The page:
IN AN attempt to meet their clean energy commitment under the climate pact finalized in France in December 2015, the European Union pledged to reduce its climate pollution by 40 percent by 2030.
This seemingly great news took a seriously wrong turn as the EU shifted to wood as its renewable of choice and began subsidizing wood pellet biomass production.
However, European forests, protected by stringent environmental regulations, are off limits. This means that subsidy-hungry energy companies are increasingly targeting the Southern United States, where current and planned industry expansion poses an unprecedented new threat to hardwood forests throughout the South.
Forests from Virginia to Louisiana are being increasingly logged and converted to pine plantations, including logging of wetlands/hardwoods and whole trees. This threatens system biodiversity; moreover, renewable energy doesn’t necessarily mean clean energy.
The industry would have you believe it operates sustainably, but photographs of clearcutting operations prove otherwise. Plus, research shows that burning trees as fuel in power plants is actually heating the atmosphere more quickly than coal.
The U.S. Clean Power Plan (CPP) allows each state to define which resources it will use to meet the federal goals set forth within the plan—and to qualify for state and federal subsidies.
Including wood pellets as a “qualified, clean” resource would mean embracing a fuel source that’s been identified as worse than coal in terms of its CO2 emissions.
This has a tremendous impact on Georgia residents. Covering around 24.8 million acres—roughly two-thirds of the state—our oxygen-producing forests are a powerful resource in the fight against global warming, a fight we must win.
Unfortunately, with the third-highest number of acres of bottomland hardwood forest in the Southeast, Georgia’s forests are directly in the crosshairs of an industry intent on cashing in on a new “green” gold rush.
“Because only 9% of Georgia timberland is owned by the public, with 25% being owned by corporate interests, regulation of the emerging biofuels industry is problematic,” notes Emily Zucchino of the Dogwood Alliance, a nonprofit organization working to ensure that forest industries practice sustainable harvesting.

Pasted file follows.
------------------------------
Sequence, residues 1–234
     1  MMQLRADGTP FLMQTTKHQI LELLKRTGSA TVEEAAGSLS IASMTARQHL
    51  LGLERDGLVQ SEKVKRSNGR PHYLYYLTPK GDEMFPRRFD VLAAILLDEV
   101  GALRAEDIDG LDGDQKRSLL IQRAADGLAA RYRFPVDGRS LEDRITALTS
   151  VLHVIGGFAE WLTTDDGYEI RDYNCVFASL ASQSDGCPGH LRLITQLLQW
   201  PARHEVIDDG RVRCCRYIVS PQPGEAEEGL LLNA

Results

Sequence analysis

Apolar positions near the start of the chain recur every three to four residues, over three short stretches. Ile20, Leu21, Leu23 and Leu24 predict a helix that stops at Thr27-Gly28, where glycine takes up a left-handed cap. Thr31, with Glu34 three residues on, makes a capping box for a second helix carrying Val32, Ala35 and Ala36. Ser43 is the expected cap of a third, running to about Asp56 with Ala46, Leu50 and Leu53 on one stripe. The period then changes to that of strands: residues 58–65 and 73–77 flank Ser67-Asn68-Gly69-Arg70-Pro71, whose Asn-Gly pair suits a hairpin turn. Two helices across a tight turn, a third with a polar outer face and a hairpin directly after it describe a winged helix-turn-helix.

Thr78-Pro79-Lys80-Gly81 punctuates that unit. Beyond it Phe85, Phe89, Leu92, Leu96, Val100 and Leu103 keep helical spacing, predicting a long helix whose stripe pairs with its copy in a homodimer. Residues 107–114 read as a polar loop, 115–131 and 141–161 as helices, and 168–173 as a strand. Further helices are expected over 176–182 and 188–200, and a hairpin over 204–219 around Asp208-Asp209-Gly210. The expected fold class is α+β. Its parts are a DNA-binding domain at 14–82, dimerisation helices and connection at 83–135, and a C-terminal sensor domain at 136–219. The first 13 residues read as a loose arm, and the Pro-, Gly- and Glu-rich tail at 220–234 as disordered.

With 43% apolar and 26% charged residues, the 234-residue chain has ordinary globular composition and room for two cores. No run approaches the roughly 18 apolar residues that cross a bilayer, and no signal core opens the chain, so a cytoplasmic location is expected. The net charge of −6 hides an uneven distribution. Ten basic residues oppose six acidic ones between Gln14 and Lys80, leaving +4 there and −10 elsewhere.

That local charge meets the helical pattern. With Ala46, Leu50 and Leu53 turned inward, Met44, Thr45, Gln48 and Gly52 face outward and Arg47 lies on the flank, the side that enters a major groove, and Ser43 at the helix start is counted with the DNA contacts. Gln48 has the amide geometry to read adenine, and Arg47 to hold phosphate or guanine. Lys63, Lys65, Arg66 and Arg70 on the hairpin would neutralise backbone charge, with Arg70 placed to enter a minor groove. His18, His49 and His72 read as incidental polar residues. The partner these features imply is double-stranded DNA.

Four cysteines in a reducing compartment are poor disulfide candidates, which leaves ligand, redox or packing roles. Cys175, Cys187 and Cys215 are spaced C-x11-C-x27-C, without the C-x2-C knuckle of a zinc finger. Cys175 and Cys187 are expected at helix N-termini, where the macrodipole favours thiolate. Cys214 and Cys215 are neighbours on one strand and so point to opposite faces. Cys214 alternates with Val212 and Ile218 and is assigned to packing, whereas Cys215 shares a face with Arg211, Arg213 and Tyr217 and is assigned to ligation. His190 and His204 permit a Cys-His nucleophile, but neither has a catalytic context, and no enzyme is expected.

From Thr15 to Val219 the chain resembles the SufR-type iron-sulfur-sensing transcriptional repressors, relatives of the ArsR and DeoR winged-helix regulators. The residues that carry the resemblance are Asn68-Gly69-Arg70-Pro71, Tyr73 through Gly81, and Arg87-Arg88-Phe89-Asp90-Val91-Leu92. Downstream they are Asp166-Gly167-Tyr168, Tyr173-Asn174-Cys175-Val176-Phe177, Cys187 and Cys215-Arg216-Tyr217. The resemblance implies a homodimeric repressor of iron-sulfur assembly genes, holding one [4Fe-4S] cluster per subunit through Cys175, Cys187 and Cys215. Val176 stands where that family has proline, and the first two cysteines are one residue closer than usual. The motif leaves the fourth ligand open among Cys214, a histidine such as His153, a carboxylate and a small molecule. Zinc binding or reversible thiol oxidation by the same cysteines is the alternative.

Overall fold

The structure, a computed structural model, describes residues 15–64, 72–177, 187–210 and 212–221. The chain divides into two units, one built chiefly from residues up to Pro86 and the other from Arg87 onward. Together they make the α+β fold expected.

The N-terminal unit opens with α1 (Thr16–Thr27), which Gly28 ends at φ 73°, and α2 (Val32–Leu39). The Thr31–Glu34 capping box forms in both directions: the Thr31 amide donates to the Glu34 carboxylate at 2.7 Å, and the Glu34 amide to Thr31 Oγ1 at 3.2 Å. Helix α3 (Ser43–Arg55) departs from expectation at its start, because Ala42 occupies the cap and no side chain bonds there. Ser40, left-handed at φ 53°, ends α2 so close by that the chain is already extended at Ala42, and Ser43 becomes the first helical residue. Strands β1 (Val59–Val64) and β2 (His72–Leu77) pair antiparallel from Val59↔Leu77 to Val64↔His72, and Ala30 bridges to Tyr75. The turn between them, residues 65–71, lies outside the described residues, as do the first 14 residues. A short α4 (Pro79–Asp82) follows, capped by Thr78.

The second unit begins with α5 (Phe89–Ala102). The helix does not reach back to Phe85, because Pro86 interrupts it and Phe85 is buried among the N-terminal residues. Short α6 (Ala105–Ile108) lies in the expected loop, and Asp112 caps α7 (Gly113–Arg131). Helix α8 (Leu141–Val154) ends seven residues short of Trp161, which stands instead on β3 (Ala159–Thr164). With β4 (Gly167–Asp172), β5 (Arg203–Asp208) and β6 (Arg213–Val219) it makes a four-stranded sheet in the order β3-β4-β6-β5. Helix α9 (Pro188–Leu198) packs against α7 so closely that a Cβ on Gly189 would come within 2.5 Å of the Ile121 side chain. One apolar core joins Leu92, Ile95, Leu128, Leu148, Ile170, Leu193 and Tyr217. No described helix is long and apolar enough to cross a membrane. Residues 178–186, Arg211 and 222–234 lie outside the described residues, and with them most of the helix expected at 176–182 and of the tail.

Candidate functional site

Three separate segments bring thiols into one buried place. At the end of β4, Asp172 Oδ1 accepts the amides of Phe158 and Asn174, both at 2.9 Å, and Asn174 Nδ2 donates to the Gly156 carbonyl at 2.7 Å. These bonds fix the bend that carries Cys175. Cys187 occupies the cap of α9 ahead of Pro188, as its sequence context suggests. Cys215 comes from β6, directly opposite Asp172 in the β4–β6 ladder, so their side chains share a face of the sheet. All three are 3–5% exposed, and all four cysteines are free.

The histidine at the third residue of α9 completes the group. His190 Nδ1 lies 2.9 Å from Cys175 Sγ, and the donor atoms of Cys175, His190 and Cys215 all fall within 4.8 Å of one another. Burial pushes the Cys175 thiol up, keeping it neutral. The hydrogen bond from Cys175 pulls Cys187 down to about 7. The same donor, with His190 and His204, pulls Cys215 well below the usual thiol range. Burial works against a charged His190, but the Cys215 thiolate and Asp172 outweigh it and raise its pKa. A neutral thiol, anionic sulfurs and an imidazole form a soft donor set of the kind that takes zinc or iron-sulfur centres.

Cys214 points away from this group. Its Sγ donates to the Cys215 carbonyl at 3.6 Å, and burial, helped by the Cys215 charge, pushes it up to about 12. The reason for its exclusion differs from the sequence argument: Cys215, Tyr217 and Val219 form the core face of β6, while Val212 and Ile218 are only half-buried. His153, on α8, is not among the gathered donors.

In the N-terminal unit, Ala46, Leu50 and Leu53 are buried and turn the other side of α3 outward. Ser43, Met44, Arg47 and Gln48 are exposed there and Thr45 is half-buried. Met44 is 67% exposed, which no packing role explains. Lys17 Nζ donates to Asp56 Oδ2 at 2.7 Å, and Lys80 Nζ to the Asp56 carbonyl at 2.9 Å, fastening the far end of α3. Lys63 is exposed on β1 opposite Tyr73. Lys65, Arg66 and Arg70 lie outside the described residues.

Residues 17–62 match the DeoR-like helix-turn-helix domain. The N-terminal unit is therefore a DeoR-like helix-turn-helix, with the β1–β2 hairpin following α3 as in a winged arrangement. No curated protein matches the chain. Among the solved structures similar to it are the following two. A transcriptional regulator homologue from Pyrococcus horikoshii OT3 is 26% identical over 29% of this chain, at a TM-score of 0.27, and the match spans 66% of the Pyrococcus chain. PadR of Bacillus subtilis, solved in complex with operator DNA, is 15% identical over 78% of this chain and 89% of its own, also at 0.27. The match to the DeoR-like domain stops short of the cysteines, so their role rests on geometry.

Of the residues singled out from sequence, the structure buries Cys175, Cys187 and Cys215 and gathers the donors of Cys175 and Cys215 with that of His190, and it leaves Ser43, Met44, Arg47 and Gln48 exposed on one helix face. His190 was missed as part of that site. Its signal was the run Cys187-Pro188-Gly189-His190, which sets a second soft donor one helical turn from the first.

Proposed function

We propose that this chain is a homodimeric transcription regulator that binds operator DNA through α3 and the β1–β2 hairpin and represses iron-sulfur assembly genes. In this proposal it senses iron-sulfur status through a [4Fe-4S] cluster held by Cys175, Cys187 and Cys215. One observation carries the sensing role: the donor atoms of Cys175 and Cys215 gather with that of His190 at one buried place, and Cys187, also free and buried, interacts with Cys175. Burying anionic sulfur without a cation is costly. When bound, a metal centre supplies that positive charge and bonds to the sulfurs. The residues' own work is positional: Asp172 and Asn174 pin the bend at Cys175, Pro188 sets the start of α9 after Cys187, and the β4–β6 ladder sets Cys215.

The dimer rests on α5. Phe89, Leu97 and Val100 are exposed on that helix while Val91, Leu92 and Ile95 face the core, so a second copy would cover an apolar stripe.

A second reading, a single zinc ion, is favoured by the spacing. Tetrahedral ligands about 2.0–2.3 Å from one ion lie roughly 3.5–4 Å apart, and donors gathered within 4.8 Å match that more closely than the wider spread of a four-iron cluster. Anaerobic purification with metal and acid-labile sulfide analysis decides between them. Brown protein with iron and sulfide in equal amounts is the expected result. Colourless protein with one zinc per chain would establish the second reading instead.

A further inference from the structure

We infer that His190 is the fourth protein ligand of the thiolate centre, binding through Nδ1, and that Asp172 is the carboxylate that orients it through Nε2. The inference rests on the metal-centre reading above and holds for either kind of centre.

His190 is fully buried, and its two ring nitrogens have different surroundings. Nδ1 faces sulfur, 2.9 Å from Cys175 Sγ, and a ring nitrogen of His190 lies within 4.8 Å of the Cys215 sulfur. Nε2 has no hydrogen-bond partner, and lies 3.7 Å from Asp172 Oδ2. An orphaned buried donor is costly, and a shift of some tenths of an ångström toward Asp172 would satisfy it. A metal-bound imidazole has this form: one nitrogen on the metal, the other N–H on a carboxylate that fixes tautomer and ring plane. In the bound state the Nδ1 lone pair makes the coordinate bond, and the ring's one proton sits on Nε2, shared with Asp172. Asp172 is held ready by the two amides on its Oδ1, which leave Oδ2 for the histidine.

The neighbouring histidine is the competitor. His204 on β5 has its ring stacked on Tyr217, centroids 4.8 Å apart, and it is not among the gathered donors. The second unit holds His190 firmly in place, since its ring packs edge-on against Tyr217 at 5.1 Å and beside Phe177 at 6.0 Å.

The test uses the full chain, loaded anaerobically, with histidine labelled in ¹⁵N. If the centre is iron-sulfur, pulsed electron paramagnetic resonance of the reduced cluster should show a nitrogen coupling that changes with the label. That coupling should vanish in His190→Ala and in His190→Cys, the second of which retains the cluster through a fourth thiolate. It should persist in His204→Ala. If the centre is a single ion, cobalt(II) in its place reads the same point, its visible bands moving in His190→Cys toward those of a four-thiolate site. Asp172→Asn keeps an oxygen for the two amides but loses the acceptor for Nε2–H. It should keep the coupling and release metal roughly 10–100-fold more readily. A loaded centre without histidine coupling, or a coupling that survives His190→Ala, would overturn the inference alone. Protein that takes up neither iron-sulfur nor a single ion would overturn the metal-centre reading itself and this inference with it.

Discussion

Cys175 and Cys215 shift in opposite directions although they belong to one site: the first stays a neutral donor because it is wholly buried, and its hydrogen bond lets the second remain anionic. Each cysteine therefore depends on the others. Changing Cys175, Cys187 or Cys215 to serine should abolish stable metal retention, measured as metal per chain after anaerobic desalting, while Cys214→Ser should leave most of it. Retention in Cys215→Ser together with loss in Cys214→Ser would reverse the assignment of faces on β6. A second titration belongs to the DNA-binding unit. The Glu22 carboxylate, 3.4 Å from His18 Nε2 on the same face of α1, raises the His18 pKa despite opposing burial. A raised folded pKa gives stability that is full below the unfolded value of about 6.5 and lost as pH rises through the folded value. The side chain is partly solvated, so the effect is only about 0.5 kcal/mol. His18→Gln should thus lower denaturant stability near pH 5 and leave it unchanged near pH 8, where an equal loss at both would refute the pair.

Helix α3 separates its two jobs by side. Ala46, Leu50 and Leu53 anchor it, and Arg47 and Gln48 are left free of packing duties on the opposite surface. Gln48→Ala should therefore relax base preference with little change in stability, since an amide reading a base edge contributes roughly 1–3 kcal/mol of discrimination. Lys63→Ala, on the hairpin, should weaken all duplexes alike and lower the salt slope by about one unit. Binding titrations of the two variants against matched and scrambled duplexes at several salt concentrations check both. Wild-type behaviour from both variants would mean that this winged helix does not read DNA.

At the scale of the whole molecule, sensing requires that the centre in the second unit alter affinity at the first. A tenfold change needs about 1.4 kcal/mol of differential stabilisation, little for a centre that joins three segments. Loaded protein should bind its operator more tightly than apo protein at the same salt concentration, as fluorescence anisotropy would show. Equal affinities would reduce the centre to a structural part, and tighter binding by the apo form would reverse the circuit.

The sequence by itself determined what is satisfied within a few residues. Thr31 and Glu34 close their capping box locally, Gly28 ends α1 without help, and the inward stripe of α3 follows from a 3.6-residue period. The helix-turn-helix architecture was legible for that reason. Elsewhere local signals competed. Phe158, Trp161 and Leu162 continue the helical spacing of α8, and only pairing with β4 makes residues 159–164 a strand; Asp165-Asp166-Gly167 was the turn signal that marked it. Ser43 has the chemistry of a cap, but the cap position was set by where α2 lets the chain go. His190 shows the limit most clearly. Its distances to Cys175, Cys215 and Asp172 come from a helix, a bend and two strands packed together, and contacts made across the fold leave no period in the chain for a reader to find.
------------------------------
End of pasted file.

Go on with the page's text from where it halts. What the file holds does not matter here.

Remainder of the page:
It’s no surprise that Georgia is one of the top three states being targeted for expansion by the industry. We already have one of the highest amount of wood pellet production facilities in the South, and there are at least seven new production facilities being planned.
Most current biomass production relies on pine from privately-owned plantations, but if Georgia designates wood pellets as a “qualifying” renewable resource for the CPP, the pressure to convert our few remaining natural and semi-natural forests will be overwhelming. According to Zucchino, “The woody wetlands of Georgia are incredibly vulnerable given that 90% of the land is unprotected.”
That’s the risk we are facing statewide, but what does it mean for the Savannah area? Just take a look around. From Ebenezer Creek to Pooler to Guyton, it’s hard to find a cypress swamp, wetland or hardwood forest that hasn’t been impacted. Anyone driving west on I-16 to Macon can hardly help but notice long stretches of clear cut areas not-so-cleverly disguised by the rather cynically-named “beauty strips.”
The damage isn’t merely aesthetic. Our forests provide shelter to many species found nowhere else. Turning essential habitat into wood pellets undermines species diversity, and an intact bottomland habitat with mature trees is crucial to conservation efforts. According to Ducks Unlimited, the Southeast hosts at least half of the waterfowl on the Atlantic Flyway during the winter months.
Regional wetlands provide crucial year-round habitat for a multitude of species, while bottomland forests of coastal Georgia shelter songbirds and migratory Sandhill cranes. Coastal wetlands, floodplain forests, and freshwater marshes, as well as coastal bays and estuaries, are at risk.
Left standing, these forests have tremendous economic benefit. In addition to absorbing CO2 and protecting essential wildlife habitats, they have substantial tourism value. Clear cutting them for wood pellets means they’ve gone forever, and adding in subsidies, minimal job creation, health impacts, and a decrease in quality of life for communities hosting the production facilities, it becomes clear that this is neither a green nor a sustainable industry.
These issues raise grave concerns about the wood pellet biomass industry and particularly the use of taxpayer funds to subsidize it. Last year, Savannah was one of the first cities to sign the Compact of Mayors, a historic agreement by America’s leading cities to actively address climate disruption. As the city’s Sustainability Department prepares to release the results of its sustainability assessment, the current City Council has an opportunity to please fiscal conservatives while strengthening Savannah’s environmental leadership position.
A resolution urging the state of Georgia to join Savannah in banning any use of tax payer dollars to subsidize the wood pellet biofuels industry would do just that.
Urge the City Council to enact the proposed subsidy ban using the petition available on the Our Forests Aren’t Fuels Facebook page: www.facebook.com/dogwoodalliancesavannah.
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